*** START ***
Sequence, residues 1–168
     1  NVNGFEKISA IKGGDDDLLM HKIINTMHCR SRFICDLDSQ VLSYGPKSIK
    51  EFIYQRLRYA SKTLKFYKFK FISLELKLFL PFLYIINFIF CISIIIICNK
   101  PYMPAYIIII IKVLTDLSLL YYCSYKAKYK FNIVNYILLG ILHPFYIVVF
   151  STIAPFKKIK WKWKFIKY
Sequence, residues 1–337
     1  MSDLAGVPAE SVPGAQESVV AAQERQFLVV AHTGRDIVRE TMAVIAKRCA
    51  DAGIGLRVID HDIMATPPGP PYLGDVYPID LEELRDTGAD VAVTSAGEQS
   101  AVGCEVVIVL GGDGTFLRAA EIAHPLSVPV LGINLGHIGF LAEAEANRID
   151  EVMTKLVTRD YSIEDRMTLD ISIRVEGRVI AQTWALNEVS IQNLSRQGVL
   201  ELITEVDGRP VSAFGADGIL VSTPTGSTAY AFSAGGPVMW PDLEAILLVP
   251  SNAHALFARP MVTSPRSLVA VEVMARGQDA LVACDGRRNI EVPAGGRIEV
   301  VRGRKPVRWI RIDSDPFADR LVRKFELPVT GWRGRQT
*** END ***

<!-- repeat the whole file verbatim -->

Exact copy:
Sequence, residues 1–168
     1  NVNGFEKISA IKGGDDDLLM HKIINTMHCR SRFICDLDSQ VLSYGPKSIK
    51  EFIYQRLRYA SKTLKFYKFK FISLELKLFL PFLYIINFIF CISIIIICNK
   101  PYMPAYIIII IKVLTDLSLL YYCSYKAKYK FNIVNYILLG ILHPFYIVVF
   151  STIAPFKKIK WKWKFIKY
Sequence, residues 1–337
     1  MSDLAGVPAE SVPGAQESVV AAQERQFLVV AHTGRDIVRE TMAVIAKRCA
    51  DAGIGLRVID HDIMATPPGP PYLGDVYPID LEELRDTGAD VAVTSAGEQS
   101  AVGCEVVIVL GGDGTFLRAA EIAHPLSVPV LGINLGHIGF LAEAEANRID
   151  EVMTKLVTRD YSIEDRMTLD ISIRVEGRVI AQTWALNEVS IQNLSRQGVL
   201  ELITEVDGRP VSAFGADGIL VSTPTGSTAY AFSAGGPVMW PDLEAILLVP
   251  SNAHALFARP MVTSPRSLVA VEVMARGQDA LVACDGRRNI EVPAGGRIEV
   301  VRGRKPVRWI RIDSDPFADR LVRKFELPVT GWRGRQT